The “Museum Piranesi” project is an extraordinary adventure in art history with a great significance on a European level. Professor Pierluigi Panza has dedicated more than twenty years, from his doctoral research to today, to the study of Giovanni Battista Piranesi. Panza’s research led him to discover that Piranesi was not only an engraver and architect, but that he also excavated, restored, collected and sold Ancient Roman artefacts in his ‘house-museum’ of Palazzo Tomati in Rome. Since 2011, on the basis of manuscripts, engravings and texts of the time, Panza has been identifying where these works are now located in an effort to envisage the “Museum Piranesi”.
In collaboration with the curators of many museums and private collections in Europe, 269 pieces have been located and identified as having passed through Piranesi’s workshop. The pieces are found in 43 European countries, in both private collections and large museums such as the Vatican and the Capitoline in Rome, the National Museum in Stockholm, the British Museum, the Louvre and the Hermitage. The vast spread of the pieces is evidence of the deep significance of the project on a European level and it exemplifies the grand scope of this undertaking.
“The dedication of over 20 years by this tireless researcher has made an outstanding contribution to the understanding of antiquity in the 18th-century in Europe and completes our understanding of the oeuvre and influential role of Piranesi”, highlighted the jury.
The investigation was not solely concerned with producing an inventory of these works but aimed to discover the reason for each object entering the collection. On this point, the jury noted that “the investigation has discovered the spread of the collection of antiquity and has identified the links and trajectories of collecting at the time”.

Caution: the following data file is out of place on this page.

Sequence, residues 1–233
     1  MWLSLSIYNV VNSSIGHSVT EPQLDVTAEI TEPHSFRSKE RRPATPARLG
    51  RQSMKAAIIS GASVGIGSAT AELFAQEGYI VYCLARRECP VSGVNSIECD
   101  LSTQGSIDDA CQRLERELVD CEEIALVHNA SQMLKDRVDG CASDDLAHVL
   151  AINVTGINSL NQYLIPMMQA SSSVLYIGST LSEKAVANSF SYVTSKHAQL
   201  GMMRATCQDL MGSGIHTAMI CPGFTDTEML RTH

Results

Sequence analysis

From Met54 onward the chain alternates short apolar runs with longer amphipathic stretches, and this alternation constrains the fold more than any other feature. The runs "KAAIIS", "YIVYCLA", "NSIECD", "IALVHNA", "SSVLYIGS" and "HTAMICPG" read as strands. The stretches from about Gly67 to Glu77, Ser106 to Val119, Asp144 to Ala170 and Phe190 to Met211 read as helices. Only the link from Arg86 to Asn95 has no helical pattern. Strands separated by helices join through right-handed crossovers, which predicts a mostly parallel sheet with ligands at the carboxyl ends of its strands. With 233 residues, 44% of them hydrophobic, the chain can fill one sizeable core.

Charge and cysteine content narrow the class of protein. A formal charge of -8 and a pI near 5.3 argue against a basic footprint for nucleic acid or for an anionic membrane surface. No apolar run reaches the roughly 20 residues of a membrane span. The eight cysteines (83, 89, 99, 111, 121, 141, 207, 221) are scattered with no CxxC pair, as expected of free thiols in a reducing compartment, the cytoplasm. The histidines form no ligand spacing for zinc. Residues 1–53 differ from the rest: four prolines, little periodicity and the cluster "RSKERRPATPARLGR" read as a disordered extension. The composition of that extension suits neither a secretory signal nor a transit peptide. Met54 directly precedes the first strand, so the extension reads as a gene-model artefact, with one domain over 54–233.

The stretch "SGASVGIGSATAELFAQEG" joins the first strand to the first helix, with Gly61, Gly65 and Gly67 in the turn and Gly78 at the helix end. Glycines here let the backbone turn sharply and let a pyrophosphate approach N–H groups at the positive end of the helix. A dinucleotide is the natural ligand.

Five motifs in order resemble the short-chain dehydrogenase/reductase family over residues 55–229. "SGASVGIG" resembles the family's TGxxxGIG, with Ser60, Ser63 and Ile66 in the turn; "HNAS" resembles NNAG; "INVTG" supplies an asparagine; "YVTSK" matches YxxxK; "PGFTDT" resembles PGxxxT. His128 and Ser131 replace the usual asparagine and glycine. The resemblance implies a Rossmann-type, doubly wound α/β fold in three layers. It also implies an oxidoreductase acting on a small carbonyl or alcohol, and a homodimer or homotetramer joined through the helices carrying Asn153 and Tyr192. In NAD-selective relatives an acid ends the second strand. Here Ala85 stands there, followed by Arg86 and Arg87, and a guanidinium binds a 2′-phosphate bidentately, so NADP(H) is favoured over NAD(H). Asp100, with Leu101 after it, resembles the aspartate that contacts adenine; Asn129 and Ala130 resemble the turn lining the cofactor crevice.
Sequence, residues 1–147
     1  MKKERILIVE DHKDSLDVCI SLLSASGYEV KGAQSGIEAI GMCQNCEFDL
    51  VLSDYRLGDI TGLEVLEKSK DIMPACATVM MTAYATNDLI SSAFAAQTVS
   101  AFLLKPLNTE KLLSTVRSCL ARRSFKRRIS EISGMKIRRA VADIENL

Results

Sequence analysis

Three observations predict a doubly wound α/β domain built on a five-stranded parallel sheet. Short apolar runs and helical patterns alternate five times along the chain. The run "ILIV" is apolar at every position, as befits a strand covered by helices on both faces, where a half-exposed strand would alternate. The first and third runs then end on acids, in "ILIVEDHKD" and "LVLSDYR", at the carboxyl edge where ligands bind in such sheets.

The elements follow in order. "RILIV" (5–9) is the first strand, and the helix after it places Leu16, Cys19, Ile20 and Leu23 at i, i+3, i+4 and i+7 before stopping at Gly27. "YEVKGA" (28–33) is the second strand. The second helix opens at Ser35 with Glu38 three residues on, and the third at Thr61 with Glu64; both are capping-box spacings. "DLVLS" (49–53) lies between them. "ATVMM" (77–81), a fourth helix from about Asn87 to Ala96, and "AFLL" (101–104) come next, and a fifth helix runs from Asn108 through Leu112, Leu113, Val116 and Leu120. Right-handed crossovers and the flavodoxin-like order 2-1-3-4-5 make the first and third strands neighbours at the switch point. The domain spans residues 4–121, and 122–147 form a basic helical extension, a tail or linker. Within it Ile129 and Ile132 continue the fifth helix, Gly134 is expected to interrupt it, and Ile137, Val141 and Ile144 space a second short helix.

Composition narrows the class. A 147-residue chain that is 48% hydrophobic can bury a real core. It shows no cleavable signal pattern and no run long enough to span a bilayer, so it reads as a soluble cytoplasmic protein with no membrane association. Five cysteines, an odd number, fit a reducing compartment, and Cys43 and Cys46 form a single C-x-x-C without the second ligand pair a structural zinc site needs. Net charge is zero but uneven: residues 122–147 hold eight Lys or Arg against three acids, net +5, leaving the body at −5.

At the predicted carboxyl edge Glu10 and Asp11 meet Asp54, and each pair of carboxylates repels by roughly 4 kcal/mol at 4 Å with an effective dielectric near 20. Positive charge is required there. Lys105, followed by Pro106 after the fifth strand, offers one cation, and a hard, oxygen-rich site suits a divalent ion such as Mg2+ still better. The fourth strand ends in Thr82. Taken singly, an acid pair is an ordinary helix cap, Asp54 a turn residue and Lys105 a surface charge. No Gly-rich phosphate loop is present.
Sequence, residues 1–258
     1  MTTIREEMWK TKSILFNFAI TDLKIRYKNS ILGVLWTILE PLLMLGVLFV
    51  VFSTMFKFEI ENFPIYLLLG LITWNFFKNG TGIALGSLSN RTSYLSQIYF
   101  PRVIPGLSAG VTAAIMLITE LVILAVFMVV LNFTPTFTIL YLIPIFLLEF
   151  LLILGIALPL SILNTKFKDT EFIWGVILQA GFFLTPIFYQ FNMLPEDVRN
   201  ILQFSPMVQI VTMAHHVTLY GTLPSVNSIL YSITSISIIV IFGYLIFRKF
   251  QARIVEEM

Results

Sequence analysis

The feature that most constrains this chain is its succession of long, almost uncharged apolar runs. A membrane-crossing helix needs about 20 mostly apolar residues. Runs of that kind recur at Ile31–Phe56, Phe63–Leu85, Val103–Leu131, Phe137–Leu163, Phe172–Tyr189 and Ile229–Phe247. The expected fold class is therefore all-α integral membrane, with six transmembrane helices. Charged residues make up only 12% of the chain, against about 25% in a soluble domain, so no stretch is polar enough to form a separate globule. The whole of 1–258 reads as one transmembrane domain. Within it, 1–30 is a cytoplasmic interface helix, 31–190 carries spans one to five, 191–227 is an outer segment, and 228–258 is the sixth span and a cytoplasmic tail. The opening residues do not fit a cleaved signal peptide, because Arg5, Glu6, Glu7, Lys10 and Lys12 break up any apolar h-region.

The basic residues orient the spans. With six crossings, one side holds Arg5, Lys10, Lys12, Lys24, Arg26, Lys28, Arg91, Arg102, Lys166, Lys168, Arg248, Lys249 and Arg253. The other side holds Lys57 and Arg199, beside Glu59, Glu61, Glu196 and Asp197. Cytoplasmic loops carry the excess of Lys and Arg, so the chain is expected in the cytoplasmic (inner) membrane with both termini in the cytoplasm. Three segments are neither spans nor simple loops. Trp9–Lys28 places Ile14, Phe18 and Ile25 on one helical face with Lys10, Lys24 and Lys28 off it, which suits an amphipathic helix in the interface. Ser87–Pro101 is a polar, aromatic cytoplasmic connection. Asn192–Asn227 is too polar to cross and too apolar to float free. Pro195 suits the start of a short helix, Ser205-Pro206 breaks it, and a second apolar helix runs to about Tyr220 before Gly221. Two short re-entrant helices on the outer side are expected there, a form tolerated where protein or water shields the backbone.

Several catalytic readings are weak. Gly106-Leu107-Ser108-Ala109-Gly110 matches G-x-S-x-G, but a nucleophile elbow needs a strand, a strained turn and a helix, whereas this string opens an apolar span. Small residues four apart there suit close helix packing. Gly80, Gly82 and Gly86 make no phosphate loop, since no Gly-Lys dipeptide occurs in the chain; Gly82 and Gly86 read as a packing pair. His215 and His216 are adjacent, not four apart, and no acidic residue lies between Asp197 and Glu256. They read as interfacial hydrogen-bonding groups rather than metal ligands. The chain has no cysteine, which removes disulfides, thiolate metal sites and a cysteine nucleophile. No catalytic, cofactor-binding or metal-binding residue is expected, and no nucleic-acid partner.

“The success of the project highlights the role that accurate documentation has played in enabling this researcher to correctly identify the pieces and demonstrates the importance and significance of accurate documentation in this way”, emphasised the jury. The research has provided a new understanding of the activities of an 18th-century workshop, the results of which have been extensively published over the past 20 years and which this year will be consolidated in a new publication with illustrations edited by international publisher Skira with the support of Intesa San Paolo. The publication, also to be digitised, will ensure the accessibility of the results and in a sense has reconstructed the 18th-century “Museum Piranesi”.